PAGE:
The Making of the Invisible Man

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Recently I spent a night at an upscale airport area hotel. As the normally bustling hotel was empty of travelers due to the Thanksgiving holiday, I had an opportunity to observe the details of hotel life which are usually obscured by the frenetic environment.

While I was having an early breakfast, a man with a movement disorder came into the restaurant. He was immediately set upon by several staff who hustled him off to a remote table. When he elected to dine from the breakfast buffet, these same staff shadowed him at a distance, but never interacting. Another individual brought his food choices to his table from the buffet where the “shadowing” individuals placed his food in a location on the other side of the table, barely within his reach making his attempt to eat an impossible task.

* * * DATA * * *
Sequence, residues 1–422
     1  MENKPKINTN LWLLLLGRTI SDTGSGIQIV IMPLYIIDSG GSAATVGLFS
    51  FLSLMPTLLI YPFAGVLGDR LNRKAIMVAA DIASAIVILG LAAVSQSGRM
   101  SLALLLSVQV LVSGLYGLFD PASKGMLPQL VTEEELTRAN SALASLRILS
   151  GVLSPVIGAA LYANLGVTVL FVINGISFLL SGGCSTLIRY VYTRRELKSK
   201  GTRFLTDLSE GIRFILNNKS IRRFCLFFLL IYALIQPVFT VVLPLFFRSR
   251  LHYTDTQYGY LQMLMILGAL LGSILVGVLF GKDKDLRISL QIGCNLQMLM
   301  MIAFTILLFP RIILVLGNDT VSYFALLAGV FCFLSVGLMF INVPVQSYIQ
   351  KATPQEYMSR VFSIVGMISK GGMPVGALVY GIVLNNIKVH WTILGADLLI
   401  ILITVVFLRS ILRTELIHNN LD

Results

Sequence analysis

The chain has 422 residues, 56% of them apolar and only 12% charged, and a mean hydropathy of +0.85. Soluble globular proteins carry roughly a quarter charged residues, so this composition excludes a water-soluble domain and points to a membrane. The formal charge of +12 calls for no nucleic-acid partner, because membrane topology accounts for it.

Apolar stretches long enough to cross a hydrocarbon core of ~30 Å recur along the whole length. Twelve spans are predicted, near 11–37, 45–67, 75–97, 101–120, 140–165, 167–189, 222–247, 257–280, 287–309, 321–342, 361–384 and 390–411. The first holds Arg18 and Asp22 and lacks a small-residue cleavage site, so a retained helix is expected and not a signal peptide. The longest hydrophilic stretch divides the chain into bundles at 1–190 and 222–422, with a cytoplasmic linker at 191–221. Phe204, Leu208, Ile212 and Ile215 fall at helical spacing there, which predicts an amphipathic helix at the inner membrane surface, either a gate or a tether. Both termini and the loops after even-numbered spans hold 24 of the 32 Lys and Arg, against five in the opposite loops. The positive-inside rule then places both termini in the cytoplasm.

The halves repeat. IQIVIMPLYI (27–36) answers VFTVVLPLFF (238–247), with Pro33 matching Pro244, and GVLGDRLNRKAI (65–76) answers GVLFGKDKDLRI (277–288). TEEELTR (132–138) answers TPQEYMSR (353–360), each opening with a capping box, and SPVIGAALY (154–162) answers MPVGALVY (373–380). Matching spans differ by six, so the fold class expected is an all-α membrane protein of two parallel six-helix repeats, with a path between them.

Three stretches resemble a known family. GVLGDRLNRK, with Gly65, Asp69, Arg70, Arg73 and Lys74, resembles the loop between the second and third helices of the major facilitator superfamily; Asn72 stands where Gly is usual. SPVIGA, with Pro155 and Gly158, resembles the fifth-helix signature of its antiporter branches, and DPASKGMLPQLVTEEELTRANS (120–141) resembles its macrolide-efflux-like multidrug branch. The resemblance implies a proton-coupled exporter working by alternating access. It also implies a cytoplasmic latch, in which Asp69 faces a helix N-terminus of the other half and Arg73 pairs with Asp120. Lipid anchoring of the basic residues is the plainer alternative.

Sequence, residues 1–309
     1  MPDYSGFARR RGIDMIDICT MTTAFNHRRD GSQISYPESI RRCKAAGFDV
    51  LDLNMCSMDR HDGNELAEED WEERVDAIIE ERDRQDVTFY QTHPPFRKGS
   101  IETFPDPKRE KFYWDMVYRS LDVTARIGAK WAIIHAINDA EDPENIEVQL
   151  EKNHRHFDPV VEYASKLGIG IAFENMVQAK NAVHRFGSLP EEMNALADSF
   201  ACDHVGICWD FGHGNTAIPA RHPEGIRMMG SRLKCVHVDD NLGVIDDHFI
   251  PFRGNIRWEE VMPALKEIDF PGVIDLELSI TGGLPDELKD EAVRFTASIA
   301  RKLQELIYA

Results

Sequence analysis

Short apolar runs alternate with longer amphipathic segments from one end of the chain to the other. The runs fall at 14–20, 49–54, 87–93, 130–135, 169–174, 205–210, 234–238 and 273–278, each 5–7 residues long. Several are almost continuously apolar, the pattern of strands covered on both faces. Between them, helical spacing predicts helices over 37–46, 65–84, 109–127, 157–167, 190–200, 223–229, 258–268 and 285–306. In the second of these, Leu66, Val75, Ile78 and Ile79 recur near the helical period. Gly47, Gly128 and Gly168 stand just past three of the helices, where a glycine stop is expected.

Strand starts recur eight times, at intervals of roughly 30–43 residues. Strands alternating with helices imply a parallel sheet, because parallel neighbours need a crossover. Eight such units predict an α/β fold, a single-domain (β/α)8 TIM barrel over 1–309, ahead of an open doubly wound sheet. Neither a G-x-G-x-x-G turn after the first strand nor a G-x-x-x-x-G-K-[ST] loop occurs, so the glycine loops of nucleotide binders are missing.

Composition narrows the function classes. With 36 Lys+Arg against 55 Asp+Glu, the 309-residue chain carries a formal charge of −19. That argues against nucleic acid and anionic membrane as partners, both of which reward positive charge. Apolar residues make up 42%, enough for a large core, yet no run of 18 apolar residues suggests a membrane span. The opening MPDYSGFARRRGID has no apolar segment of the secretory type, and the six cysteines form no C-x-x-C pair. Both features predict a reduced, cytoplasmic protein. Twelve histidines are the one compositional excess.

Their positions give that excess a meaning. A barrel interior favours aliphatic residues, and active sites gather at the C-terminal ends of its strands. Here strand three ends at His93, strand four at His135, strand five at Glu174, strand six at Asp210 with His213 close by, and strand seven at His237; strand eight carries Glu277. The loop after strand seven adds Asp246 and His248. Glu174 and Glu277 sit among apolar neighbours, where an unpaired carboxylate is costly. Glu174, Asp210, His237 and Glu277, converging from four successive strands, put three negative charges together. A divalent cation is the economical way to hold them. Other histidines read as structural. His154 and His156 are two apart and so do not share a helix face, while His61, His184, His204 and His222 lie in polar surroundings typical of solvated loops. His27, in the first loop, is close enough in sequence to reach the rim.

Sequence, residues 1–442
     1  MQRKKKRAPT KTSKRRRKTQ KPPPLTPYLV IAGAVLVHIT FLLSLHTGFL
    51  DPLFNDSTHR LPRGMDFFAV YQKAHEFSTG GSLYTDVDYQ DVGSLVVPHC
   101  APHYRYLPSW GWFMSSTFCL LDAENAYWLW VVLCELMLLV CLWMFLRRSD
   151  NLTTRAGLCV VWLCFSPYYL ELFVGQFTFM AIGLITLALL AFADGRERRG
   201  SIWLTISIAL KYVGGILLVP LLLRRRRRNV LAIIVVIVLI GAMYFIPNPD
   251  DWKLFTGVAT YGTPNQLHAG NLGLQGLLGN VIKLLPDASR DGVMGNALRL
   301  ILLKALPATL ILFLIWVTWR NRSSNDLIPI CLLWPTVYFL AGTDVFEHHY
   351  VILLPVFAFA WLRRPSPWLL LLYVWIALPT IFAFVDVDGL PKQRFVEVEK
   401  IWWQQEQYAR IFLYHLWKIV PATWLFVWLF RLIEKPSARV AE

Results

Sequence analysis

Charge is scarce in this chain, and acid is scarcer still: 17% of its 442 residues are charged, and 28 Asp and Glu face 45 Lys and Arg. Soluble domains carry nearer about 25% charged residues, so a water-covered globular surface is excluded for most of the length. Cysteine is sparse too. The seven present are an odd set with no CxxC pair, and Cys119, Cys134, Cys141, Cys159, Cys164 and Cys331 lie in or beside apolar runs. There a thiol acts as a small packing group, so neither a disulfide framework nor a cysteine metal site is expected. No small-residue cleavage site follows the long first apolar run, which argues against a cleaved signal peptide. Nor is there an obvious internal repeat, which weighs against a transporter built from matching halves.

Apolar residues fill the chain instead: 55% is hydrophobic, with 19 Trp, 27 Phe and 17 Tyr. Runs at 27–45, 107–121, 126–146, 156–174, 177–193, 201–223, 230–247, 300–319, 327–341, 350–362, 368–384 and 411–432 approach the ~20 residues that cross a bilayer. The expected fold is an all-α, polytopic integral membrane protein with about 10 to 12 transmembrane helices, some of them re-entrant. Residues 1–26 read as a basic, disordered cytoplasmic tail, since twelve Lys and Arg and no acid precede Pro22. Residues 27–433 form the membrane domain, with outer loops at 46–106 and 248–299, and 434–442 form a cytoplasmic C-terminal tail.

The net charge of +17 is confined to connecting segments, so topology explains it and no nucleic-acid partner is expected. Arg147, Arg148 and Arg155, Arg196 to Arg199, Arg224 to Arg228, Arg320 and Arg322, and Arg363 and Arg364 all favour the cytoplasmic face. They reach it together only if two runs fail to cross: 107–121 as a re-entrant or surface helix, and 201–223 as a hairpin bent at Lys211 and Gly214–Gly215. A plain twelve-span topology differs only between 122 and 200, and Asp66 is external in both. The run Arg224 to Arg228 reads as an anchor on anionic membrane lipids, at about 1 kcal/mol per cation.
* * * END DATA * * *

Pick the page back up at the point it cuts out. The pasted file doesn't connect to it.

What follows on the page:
When he would periodically engage in an involuntary movement of his torso, head and arms, they would back away to a ten foot perimeter until his movements would subside and then reform their ranks to surround his table.

He was dressed in business garb and obviously was no stranger to travel. Yet the personnel in the hotel’s restaurant felt obligated to screen him from the public and, in essence, make him invisible. As a professional who works with individuals with disabilities to enhance inclusion, it was striking that this individual was made subject to isolation on the basis of his movement disorder. I was disappointed to see that making a person invisible remains society’s response to an individual with a disability.

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